src-end : exact-nonnegative-integer? = (bytes-length src)
Changes the bytes of dest starting at position dest-start to match the bytes in src from src-start (inclusive) to src-end (exclusive). The bytes strings dest and src can be the same byte string, and in that case the destination region can overlap with the source region; the destination bytes after the copy match the source bytes from before the copy. If any of dest-start, src-start, or src-end are out of range (taking into account the sizes of the bytes strings and the source and destination regions), the exn:fail:contract exception is raised.

Examples:

  > (define s (bytes 65 112 112 108 101))
  > (bytes-copy! s 4 #"y")
  > (bytes-copy! s 0 s 3 4)
  > s

  #"lpply"

(bytes-fill! dest char)  void?
  dest : (and/c bytes? (not/c immutable?))
  char : char?
Changes dest so that every position in the bytes is filled with char.

Examples:

  > (define s (bytes 65 112 112 108 101))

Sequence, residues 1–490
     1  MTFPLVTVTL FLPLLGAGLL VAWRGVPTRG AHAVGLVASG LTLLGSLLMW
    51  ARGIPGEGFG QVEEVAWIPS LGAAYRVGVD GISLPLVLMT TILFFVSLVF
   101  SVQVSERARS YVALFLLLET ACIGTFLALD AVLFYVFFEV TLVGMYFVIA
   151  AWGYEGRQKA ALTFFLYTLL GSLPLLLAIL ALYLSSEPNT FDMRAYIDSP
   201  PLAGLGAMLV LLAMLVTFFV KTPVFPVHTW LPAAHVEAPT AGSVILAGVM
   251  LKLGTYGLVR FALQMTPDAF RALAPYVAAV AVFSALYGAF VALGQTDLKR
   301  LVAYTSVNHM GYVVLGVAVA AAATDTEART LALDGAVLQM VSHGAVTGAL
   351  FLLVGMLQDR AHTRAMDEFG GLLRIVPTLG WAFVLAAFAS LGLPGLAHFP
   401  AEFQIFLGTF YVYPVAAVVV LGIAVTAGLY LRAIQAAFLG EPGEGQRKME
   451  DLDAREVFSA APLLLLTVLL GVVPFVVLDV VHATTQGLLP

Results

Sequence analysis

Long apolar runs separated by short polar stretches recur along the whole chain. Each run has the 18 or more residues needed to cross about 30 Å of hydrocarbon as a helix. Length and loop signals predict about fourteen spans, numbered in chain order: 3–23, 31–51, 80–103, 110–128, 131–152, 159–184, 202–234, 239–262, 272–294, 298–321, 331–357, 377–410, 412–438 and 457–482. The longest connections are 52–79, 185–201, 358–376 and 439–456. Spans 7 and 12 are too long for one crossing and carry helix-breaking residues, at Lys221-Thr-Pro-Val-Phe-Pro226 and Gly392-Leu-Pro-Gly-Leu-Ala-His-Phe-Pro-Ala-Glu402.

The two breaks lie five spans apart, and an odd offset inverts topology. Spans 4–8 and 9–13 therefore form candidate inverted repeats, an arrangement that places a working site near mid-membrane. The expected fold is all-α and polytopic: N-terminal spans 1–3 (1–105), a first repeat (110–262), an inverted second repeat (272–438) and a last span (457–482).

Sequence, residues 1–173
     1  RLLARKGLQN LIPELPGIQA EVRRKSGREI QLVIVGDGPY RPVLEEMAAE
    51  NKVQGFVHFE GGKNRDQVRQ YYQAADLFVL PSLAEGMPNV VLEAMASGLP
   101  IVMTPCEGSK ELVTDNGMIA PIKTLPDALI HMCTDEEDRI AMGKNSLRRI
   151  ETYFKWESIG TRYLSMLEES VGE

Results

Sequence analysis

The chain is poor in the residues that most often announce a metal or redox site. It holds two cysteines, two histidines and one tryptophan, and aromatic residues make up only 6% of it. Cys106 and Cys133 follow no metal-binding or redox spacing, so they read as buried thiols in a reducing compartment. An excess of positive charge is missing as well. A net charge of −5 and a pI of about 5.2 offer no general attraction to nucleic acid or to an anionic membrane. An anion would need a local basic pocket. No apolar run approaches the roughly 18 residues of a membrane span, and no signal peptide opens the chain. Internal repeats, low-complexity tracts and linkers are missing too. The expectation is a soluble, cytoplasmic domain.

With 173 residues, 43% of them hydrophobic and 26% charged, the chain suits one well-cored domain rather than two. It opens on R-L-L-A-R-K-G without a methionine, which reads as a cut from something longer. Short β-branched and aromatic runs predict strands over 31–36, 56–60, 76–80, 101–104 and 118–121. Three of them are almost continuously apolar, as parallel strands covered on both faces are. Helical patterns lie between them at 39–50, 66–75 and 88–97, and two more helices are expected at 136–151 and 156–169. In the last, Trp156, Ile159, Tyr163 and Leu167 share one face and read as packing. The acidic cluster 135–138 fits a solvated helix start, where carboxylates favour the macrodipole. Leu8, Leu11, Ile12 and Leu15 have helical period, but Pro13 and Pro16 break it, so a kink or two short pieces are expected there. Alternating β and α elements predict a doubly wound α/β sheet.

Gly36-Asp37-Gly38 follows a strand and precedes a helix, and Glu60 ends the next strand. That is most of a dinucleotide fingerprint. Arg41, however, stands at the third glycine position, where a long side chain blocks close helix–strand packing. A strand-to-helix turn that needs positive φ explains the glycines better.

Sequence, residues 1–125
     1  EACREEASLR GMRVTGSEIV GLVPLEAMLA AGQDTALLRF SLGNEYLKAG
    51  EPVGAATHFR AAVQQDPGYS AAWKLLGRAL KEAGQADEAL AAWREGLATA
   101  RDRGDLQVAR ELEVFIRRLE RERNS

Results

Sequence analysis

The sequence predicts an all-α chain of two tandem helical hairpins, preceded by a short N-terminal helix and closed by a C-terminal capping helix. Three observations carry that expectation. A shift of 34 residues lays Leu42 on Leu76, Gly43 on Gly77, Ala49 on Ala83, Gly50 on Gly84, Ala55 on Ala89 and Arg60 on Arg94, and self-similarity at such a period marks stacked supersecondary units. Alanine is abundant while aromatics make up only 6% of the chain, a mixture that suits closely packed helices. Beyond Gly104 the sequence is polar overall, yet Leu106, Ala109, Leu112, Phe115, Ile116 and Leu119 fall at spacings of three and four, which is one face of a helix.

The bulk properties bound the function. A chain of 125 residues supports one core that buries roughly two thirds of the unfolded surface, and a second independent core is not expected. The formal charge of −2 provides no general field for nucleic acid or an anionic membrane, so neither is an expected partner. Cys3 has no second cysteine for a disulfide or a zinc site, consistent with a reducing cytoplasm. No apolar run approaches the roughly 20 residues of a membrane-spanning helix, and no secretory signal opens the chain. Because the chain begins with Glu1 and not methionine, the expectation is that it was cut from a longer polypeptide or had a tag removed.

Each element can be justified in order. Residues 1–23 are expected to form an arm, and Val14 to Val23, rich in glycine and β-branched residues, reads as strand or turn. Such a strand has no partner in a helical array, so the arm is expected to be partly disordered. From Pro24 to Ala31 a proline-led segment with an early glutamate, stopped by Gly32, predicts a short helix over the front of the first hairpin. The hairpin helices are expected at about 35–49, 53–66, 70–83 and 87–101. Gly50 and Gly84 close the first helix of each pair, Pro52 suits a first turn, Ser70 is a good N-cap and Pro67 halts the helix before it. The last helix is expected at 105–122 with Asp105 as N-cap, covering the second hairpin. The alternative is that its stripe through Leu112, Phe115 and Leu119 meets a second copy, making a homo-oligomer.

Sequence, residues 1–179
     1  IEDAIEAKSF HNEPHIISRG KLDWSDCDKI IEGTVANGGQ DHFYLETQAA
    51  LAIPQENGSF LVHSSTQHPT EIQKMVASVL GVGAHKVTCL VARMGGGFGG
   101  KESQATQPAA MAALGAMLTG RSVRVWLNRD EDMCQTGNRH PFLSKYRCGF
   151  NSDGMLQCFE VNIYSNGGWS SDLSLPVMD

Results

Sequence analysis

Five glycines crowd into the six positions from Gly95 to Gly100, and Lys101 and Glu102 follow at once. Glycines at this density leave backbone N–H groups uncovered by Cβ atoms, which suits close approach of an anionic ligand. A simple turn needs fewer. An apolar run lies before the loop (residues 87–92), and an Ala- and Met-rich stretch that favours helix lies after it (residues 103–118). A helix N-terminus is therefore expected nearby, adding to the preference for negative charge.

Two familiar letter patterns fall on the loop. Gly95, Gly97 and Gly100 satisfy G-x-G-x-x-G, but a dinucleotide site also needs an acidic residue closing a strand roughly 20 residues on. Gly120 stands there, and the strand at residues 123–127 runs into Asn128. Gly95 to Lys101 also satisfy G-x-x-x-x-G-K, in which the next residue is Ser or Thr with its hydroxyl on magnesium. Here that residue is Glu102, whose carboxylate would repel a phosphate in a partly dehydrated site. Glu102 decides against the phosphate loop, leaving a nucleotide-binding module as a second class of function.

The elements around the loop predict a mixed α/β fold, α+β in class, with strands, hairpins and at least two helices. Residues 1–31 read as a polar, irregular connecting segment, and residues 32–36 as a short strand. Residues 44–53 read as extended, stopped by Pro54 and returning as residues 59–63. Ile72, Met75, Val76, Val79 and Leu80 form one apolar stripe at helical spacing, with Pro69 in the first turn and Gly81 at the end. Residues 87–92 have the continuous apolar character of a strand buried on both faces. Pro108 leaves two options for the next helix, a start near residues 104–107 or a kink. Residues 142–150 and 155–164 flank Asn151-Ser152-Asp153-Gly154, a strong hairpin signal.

> (bytes-fill! s 113)
  > s

  #"qqqqq"

(bytes-append bstr ...)  bytes?
  bstr : bytes?
Returns a new mutable byte string that is as long as the sum of the given bstrs’ lengths, and that contains the concatenated bytes of the given bstrs. If no bstrs are provided, the result is a zero-length byte string.

Example:

  > (bytes-append #"Apple" #"Banana")

  #"AppleBanana"

(bytes->list bstr)  (listof byte?)
  bstr : bytes?
Returns a new list of bytes coresponding to the content of bstr. That is, the length of the list is (bytes-length bstr), and the sequence of bytes of bstr are in the same sequence in the result list.

Example:

  > (bytes->list #"Apple")

  (65 112 112 108 101)

(list->bytes lst)  bytes?
  lst : (listof byte?)
Returns a new mutable bytes whose content is the list of bytes in lst. That is, the length of the bytes is (length lst), and the sequence of bytes in lst is in the same sequence in the result bytes.

Example:

  > (list->bytes (list 65 112 112 108 101))

  #"Apple"

3.4.2 Byte String Comparisons

(bytes=? bstr1 bstr2 ...+)  boolean?
  bstr1 : bytes?
  bstr2 : bytes?
Returns #t if all of the arguments are eqv?.